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Save in the House

Save Outside

  • Run clothes washers and dishwashers only when they are full; save up to 1,000 gallons a month.
  • Plug the bathtub drain before turning water on, and then adjust the temperature as the tub fills.
  • Skip the liquid fabric softener’s need for an extra rinse cycle; instead, pop a fabric-softener sheet into the dryer.
  • Shave a couple of minutes off your shower time to save water AND energy costs.
  • When brushing your teeth, turn water off as you brush and on when you need to rinse your toothbrush or your mouth.
  • Place a brick in the toilet tank to save water each time you flush.
  • Install inexpensive water-saving aerators on all of your faucets. They’re simple to install!
  • A water-efficient showerhead can save 15 gallons of water during a 10-minute shower — 1,800 gallons a month for a family of four. If your shower fills a 1 gallon bucket in less than 20 seconds, consider replacing it with a more-efficient shower head.
  • Replace gaskets on drippy water faucets and repair leaky toilets. Leaks can waste up to 200 gallons of water every day.
  • Older toilets can use up to 7 gallons per flush. Save up to 80 percent with toilets labeled “WaterSense.”
  • The average family uses about 400 gallons of water daily.
  • Over 17 years, the City of Hays reduced its water usage 55%, while its population increased 25% and its business and household numbers increased 35%.
  • More plants die from overwatering than from under watering.
  • Use a rain gauge or can to measure rainfall, then reduce watering accordingly.
  • Use a spade or trowel to check moisture in the lawn or garden. If it’s still moist two inches under the soil surface, you don’t need to water yet.
  • Some grasses, like K-31 fescue, don’t need great amounts of water. Check with the Lyon County Extension Service or your favorite landscaper or nursery to see how much water your lawn needs to live through the drought.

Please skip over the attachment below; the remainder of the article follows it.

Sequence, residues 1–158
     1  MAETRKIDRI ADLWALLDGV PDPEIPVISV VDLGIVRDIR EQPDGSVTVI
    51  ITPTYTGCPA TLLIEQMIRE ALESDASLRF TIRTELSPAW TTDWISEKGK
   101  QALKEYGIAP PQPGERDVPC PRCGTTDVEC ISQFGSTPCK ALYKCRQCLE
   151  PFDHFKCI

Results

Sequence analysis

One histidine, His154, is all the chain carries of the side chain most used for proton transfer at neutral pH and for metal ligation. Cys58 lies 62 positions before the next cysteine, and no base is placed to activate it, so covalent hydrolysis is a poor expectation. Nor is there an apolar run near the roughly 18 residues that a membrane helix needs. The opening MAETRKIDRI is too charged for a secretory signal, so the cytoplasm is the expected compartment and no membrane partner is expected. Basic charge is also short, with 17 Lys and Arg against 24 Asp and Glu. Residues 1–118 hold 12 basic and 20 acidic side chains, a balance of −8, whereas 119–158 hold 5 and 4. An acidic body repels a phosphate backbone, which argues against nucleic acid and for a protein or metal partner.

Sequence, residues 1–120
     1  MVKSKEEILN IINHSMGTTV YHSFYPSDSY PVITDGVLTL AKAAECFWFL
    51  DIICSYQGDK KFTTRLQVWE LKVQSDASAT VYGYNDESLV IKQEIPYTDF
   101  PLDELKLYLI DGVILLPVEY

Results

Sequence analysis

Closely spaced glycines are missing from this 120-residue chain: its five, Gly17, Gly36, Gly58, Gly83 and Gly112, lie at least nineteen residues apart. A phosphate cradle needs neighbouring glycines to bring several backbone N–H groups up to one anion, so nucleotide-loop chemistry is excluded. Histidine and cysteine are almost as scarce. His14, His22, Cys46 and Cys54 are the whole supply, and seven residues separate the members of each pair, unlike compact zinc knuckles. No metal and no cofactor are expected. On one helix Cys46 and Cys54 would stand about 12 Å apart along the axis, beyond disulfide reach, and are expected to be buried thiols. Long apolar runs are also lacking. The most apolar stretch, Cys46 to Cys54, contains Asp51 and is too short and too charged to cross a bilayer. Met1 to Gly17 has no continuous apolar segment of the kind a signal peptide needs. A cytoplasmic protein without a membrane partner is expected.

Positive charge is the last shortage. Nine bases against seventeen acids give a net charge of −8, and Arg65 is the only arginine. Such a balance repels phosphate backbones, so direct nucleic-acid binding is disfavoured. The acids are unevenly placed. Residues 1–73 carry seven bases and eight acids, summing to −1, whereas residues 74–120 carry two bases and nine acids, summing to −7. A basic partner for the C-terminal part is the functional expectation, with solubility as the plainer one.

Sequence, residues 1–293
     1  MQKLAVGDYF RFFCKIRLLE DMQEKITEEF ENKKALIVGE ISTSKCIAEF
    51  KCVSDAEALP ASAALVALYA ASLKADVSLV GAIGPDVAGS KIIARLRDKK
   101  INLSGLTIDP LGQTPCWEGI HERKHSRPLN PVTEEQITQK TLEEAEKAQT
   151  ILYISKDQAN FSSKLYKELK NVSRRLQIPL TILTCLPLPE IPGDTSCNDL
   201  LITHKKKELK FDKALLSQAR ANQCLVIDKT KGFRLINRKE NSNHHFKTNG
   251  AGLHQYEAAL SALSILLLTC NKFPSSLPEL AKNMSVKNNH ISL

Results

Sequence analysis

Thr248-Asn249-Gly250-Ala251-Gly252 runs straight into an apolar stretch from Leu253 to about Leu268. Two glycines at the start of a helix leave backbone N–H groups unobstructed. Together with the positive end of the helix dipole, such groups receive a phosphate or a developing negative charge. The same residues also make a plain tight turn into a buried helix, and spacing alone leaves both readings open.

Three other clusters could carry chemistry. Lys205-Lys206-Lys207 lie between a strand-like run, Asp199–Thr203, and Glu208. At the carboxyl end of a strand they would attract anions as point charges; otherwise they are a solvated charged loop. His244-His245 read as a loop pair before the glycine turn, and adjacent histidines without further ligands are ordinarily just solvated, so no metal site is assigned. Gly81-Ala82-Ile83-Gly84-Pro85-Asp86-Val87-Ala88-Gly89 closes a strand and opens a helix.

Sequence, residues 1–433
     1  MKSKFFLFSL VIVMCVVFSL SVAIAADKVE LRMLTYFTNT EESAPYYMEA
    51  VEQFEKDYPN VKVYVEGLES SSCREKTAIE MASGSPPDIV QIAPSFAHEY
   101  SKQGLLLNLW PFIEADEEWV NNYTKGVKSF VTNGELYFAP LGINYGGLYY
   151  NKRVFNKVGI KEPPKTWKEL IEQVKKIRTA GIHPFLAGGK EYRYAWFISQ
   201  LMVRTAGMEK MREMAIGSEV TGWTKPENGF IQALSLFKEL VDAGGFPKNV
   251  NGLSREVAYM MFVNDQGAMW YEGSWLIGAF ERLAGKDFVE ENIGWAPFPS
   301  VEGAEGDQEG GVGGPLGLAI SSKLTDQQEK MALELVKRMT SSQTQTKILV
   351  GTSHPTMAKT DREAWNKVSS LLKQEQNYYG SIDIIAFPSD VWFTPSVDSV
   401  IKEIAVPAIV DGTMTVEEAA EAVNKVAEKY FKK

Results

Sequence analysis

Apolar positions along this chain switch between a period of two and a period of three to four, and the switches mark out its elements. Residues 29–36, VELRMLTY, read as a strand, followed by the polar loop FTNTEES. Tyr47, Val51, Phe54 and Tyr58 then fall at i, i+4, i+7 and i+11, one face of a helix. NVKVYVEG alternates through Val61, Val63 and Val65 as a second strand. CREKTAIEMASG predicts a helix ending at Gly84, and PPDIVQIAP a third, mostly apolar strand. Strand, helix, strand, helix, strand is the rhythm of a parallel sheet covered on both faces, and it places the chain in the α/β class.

• Use a hose or drip irrigation on trees and shrubs, so water is applied direction to the roots, where it’s needed.
  • Avoid watering on windy days, when water is blown away or evaporates, instead of reaching the plants’ roots.
  • A running hose left untended can waste water; when you water lawns and landscaping, set a kitchen timer to remind you when to stop.
  • Adjust sprinkler systems to cycle less frequently and for shorter periods of time. Turn off before water runs off the lawn and down the gutter.
  • Some plants are naturally drought-resistant and thrive in hotter, drier weather.

For more information, or to book a speaker

for your organization, call

 

Rick Frevert, 342-5545 | Janet Harrouff, 343-4286

Brian Rees, 341-3220 | Ann Mayo, 342-4864

Want to research more on your own?

For conservation tips:

 

www.haysusa.com/html/water_conservation.html

www.epa.gov/WaterSense/

 

For information on drought-resistant plants:

www.hfrr.ksu.edu/p.aspx?tabid=731

www.ksre.ksu.edu/bookstore/pubs/MF1046.pdf

 

For lawns:

www.ksre.ksu.edu/bookstore/pubs/MF2803.pdf

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